A new ‘Request Verification’ section to be released on Twitter

A new ‘Request Verification’ section to be released on Twitter

Blue checkmark feature came out after a lawsuit has been filed by Anthony La Russa against the company on May 6, 2009, in the Superior Court of California/ County of San Francisco. La Russa had been suing the company for someone who was pretending to be him. The causes of the lawsuit included trademark infringement, trademark dilution, cybersquatting, misappropriation of name and likeness, invasion of privacy, and intentional misrepresentation. After this lawsuit, Twitter became the first platform to introduce account verification.

Back to July 19, 2016, Twitter allowed anyone to request a verification but users had to convince the company about the reasons why they want their account to be verified. Twitter verification required a photo, a verified phone number, and an email address.

After being on hold since 2017, Twitter is working on getting the “Request verification” back. On June 7, 2020, engineer Jane Manchun Wong posted a tweet about the account verification. In fact, she was able to see a new section “Personal Information” when she clicks on “Settings” in her Twitter account. This section will be used later on for requesting account verification.

Twitter paused the verification system three years ago. However, it has been verifying some accounts including the CEO’s mother, Marcia Dorsey. In fact, on November 7, 2017, the company verified an account belonging to Jason Kessler, an organizer behind the far-right Unite the Right protest according to The Verge. The company faced criticism regarding the verification. On November 9, Twitter said, “Verification was meant to authenticate identity & voice but it is interpreted as an endorsement or an indicator of importance. We recognize that we have created this confusion and need to resolve it. We have paused all general verifications while we work and will report soon.” Twitter declared that they are working on a new system while conducting a review of verified accounts. In addition to that, the company will remove the blue checkmark from those whose behavior does not fall within these new guidelines.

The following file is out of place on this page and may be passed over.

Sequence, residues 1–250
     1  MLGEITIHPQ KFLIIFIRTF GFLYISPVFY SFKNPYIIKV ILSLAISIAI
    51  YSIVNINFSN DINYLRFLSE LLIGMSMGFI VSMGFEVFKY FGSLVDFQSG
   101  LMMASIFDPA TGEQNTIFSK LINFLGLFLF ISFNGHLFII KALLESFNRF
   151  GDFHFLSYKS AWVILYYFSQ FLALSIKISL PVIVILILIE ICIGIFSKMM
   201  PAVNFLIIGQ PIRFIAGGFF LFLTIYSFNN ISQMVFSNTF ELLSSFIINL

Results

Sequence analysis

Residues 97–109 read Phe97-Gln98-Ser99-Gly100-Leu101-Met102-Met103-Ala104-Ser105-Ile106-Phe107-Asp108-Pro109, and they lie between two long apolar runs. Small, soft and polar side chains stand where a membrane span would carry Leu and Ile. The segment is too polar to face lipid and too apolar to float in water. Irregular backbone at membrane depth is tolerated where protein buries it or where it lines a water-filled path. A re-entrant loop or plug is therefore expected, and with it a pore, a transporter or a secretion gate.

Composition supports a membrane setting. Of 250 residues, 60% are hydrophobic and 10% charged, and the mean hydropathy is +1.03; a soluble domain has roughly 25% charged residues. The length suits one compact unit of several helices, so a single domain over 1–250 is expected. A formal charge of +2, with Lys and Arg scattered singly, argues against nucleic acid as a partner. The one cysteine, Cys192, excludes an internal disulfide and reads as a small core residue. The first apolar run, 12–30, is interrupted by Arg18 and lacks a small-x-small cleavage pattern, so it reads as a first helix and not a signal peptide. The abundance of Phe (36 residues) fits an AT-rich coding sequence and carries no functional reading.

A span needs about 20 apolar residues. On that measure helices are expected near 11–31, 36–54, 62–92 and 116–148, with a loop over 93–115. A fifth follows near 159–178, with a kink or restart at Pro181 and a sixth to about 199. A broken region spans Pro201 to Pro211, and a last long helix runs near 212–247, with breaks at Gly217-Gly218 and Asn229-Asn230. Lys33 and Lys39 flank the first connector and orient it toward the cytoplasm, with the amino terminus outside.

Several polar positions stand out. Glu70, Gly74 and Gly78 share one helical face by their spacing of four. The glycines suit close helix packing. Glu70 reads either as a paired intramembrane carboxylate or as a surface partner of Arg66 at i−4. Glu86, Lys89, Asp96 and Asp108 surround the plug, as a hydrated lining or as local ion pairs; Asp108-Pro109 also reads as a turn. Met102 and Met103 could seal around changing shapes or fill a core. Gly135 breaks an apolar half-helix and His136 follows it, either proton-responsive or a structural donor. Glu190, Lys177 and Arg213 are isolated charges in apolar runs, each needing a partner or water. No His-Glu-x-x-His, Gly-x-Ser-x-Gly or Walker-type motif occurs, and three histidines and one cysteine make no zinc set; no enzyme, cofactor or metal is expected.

In a Periscope Livestream on May 8, 2018, Twitter CEO Jack Dorsey said that the company’s intention is to open verification for everyone. The plan is to implement verification in a way that is scalable where Twitter does not have to be the judge or imply any bias on its part.

Kayvon Beykpour, product lead at Twitter said on July 18, 2018, that Twitter is still verifying accounts ad hoc when they think it serves the public conversation and is in line with the company’s policy. The blue checkmark was not a priority back then. “Our team is focused on information quality ahead of the elections- our highest priority within the Health roadmap,” said Beykpour. In fact, he referred in his Tweet to an email sent on July 11 under the subject “Verification/Blue Check update”. “We’re already doing too many things, and focusing on this now will slow down and lessen the quality of our work on more important areas like Elections Integrity,” states the email.